Behold pristine Caldera de Taburiente, a massive depression rimmed by soaring rock walls that is the stellar attraction in the island's lush national park.
Your tour begins with a scenic drive inland to La Cumbrecita, an elevated viewing area in the southeastern side of the Caldera de Taburiente. The caldera is the world's largest erosion crater, and unlike most calderas was sculpted by water erosion rather than a volcanic eruption. It was here in the 15th century that the invading Spaniards finally defeated the indigenous Guanches people. From La Cumbrecita, you'll gaze upon steep wooded gorges and rocky crags before venturing on a short hike around the caldera.
At the National Park of the Taburiente Caldera visitor center, you'll learn about the area's history, geology, flora and fauna. Although nearly 100 plant species have been found in the caldera, most of the park is blanketed in forests of Canary Island pine trees. You may also catch sight of Gallot's lizards, Barbary sheep, and birds such as the red-billed chough.
Following a snack of Canarian appetizers at a local restaurant, you'll next drive to La Conception lookout for a different view of the island. It serves as a wonderful prelude to visiting the Holy Virgin of Snow church in Las Nieves. One of the oldest churches on the island, it contains a remarkable altarpiece made of Mexican silver, several 16th-century Flemish sculptures and the namesake terracotta figure of the Virgin Mary. Afterwards, you'll return to the pier where your tour concludes.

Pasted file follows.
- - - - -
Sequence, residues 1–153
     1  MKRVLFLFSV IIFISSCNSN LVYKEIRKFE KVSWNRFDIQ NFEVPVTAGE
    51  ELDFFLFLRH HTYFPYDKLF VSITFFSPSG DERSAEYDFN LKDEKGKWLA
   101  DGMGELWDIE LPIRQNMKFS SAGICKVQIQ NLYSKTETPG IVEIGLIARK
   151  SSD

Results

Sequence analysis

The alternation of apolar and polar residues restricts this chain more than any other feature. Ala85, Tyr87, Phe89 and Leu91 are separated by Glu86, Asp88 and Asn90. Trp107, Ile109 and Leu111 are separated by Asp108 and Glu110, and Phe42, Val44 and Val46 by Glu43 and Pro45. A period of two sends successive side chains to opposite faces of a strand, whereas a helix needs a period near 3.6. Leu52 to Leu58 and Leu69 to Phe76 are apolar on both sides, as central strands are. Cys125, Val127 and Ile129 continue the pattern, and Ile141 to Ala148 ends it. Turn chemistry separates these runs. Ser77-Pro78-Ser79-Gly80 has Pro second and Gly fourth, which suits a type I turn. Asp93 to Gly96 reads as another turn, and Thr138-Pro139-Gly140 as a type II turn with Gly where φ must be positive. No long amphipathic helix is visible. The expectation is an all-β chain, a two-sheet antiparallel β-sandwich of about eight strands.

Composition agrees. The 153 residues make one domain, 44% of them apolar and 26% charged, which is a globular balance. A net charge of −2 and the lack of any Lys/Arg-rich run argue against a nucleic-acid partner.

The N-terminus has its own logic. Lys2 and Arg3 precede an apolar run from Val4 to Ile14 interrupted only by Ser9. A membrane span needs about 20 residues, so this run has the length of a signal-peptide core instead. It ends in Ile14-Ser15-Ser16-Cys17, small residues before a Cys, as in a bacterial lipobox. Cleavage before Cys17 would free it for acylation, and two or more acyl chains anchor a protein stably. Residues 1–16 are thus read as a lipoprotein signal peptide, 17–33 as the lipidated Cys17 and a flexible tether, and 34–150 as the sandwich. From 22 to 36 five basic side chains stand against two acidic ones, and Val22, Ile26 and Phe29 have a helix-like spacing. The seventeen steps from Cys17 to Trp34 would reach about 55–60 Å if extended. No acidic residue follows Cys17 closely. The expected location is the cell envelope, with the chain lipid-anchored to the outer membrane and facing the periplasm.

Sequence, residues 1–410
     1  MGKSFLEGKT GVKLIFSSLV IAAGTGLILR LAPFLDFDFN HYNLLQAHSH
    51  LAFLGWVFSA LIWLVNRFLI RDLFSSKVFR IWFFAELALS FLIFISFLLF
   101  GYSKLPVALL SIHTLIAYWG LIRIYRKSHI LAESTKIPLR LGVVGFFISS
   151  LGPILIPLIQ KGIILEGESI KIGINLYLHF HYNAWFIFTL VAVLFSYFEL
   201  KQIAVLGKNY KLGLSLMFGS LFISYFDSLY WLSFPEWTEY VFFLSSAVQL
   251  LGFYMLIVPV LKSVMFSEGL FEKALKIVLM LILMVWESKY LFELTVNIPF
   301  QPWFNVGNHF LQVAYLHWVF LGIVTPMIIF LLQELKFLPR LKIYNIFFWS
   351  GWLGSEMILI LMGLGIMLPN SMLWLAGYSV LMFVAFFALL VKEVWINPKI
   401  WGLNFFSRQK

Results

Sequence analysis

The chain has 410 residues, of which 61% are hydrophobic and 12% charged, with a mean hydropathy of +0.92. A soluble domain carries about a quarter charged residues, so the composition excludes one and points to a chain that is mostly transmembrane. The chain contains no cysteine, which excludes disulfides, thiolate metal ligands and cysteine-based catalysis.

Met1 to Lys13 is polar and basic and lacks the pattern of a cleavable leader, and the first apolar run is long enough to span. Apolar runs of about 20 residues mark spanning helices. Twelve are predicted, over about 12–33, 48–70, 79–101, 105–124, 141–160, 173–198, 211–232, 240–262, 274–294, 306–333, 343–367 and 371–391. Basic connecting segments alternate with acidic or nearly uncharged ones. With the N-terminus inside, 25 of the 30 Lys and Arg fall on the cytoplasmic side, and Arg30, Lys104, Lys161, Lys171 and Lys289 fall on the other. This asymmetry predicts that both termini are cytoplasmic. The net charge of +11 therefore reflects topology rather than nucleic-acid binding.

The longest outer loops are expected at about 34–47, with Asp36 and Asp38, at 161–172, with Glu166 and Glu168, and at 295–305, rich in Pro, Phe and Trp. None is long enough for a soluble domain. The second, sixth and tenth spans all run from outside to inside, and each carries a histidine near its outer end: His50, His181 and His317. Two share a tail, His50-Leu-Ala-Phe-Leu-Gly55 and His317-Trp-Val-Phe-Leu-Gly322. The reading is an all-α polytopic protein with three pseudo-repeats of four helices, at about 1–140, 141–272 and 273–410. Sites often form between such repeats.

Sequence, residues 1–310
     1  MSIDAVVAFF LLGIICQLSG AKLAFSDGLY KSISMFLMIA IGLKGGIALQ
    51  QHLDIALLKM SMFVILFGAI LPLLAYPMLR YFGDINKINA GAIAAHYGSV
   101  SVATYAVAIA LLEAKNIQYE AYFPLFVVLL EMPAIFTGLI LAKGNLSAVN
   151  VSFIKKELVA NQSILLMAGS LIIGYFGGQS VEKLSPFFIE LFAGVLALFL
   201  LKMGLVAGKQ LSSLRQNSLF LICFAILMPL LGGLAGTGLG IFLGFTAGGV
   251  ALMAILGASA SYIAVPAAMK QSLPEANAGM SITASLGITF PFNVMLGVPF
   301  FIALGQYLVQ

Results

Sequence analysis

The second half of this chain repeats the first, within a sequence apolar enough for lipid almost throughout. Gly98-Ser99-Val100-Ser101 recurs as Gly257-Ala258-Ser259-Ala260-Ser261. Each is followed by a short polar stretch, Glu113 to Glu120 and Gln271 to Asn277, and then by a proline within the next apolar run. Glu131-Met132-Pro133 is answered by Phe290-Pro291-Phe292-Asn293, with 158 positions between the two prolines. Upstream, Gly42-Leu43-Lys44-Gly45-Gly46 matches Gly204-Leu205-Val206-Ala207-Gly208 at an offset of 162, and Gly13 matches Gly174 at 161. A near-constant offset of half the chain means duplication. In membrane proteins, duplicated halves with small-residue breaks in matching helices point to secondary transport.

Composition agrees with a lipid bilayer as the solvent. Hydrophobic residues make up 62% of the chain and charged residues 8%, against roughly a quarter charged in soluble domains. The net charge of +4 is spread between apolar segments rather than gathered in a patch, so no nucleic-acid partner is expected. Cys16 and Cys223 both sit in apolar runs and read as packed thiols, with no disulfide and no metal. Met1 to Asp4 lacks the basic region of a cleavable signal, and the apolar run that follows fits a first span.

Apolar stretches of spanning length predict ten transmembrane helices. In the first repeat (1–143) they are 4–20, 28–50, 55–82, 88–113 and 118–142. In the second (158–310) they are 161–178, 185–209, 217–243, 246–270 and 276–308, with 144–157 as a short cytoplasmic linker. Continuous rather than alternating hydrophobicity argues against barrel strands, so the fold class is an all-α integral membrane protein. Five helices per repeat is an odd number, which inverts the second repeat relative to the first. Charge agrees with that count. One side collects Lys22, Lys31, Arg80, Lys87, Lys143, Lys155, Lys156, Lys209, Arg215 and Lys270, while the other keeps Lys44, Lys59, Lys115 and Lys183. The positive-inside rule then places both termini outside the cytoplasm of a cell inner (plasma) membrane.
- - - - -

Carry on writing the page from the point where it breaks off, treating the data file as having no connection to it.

Please note: This tour includes approximately 2-hours of walking, at times over uneven and natural surfaces. The hike at the Caldera de Taburiente covers just over ½ mile and is optional. The tour is not available to wheelchair guests and those with mobility concerns are cautioned to carefully evaluate their personal level of stamina and ability. Weather appropriate clothing; sun cap; sunglasses; and flat, comfortable walking shoes are recommended. The order of the sites viewed or visited may vary.